Clay Buchholz And His future With The Red Sox


Mandatory Credit: Dale Zanine-USA TODAY Sports

After yet another miserable outing by Clay Buchholz, the Red Sox are faced with a tough question. What are they going to do with the wiry right-hander?

Buchholz, now 29 years old, is past the point of being considered young talent. In what should be the prime of his career, Buchholz continues to be all over the place, mentally and physically. A year ago at this point, it looked as if Buchholz was emerging as the team’s ace. Through the end of May, Buchholz was 7-0 with a 1.73 ERA. If he had those same numbers this year, he would be leading the AL ERA race by about .60 over Masahiro Tanaka. However, this season he is sporting a dandy 7.02 ERA, which puts him dead last in the MLB among pitchers with ten or more starts. In fact, there are only two other pitchers in that category with an ERA over 6.00.

Going along nicely with that is his 1.98 WHIP, which also puts him at the bottom of the barrel in the MLB. The only other pitcher with ten starts and a WHIP above 1.60 is Tim Lincecum, who sits at 1.61. So, is it time to consider a major change regarding Clay Buchholz? Well, he may have just opened the door for such a move.

Buchholz had excuses galore after one of the worst outings of his career on Monday. He was exhausted after running to first base on his single. He “wasn’t ready” for the 84 degree heat. He lost seven pounds in his three innings of work (which puts him down to about 95 pounds). And supposedly, he may have an actual injury to his left knee, which he landed on awkwardly several times during his deliveries.

This gives the Red Sox a golden opportunity which they should take if they want to continue their winning trend. It is time to put Buchholz on the DL. He might be able to pitch, but given his track record, does he even want to? Last season, his neck and shoulder problems took him away from his terrific season, despite no actual injury being seen in tests. This year, he continues to put the Sox in a position to lose, so why bother pitching him?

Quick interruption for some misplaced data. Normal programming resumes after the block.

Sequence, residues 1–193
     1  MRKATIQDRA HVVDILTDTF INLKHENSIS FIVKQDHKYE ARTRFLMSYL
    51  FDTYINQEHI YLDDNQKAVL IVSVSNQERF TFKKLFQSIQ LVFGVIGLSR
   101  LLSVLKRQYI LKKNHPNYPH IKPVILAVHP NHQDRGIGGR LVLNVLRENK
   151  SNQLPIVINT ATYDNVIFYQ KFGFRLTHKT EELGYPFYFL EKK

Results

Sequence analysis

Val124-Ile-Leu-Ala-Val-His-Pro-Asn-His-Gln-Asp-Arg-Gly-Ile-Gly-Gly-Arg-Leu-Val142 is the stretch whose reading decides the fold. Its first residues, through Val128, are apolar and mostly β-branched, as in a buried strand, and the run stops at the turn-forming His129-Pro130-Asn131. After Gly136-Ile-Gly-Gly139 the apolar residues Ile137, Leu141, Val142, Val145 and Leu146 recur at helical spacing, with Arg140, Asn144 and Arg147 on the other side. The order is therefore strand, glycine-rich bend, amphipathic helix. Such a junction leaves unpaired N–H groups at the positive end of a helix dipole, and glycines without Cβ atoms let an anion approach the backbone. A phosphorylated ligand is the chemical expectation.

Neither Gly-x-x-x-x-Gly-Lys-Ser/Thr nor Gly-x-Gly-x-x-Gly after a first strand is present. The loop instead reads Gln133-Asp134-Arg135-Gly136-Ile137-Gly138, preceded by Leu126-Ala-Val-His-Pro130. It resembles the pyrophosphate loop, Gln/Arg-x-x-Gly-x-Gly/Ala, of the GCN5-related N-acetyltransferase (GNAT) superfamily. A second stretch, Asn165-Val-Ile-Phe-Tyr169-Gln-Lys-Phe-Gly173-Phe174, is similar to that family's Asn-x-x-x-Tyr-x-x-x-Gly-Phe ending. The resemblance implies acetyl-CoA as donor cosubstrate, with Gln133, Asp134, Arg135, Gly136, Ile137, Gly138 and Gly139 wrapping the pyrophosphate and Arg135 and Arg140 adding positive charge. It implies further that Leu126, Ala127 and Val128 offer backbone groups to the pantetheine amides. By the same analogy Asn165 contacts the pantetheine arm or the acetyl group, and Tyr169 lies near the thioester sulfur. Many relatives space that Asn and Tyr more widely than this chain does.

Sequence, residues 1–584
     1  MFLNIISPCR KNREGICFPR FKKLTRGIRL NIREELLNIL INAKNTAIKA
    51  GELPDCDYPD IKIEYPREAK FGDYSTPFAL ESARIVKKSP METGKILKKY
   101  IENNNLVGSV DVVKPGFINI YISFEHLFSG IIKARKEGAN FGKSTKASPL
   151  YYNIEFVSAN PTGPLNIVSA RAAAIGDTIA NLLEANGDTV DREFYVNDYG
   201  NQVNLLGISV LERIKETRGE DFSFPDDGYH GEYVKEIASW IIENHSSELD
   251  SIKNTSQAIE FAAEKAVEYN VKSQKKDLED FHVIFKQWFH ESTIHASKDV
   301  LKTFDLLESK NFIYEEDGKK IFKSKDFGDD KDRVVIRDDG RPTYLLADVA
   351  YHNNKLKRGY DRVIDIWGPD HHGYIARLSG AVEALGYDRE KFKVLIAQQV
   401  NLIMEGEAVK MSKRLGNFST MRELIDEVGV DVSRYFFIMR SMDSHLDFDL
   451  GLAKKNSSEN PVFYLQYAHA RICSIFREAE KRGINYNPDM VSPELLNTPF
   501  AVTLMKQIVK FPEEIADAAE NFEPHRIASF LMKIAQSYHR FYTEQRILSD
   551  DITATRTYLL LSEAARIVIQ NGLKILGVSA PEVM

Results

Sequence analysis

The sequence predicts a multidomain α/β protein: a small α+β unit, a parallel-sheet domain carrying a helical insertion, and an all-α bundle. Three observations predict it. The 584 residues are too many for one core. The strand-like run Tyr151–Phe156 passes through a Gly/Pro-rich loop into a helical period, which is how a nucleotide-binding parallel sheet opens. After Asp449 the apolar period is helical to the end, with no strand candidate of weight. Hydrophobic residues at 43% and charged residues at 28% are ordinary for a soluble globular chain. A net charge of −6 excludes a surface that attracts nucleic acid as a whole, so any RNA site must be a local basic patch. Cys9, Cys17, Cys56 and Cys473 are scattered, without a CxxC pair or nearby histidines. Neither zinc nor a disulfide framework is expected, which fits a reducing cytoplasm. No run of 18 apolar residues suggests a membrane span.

Instead, the Sox should give one of their young guns a shot at the rotation. They can’t be any worse than Buchholz has been and they could be a midseason surprise that helps the team back into the playoff hunt. Anthony Ranaudo, Allen Webster, and Rubby De La Rosa have all pitched well in Pawtucket this season and could be ready to break through if called upon. Webster and De La Rosa have both had major league stints and may be able to make the transition to the big leagues better than Ranaudo, who has no MLB experience. However, Ranaudo, who stands at 6’7″, may be able to get by on pure power with his downhill 95 MPH fastball.

While this is all happening, Buchholz can sit and tend to his problems. Perhaps he will comeback and pitch like he is capable of. Maybe the Red Sox send him away in a trade at the deadline. Buchholz still has plenty of value and could be pieced together for an impact player, such as the man-child Giancarlo Stanton. Imagine him putting balls onto the Pike in a Red Sox uniform.

While my Stanton hopes may be a long shot, my plans for Buchholz may be reality. Don’t be surprised if he is the next player on the Red Sox DL, which is already quite full. Clay’s confidence must be shot at this point. I know that I am scared every time he takes the mound and I wouldn’t be surprised if his team is getting to that point too.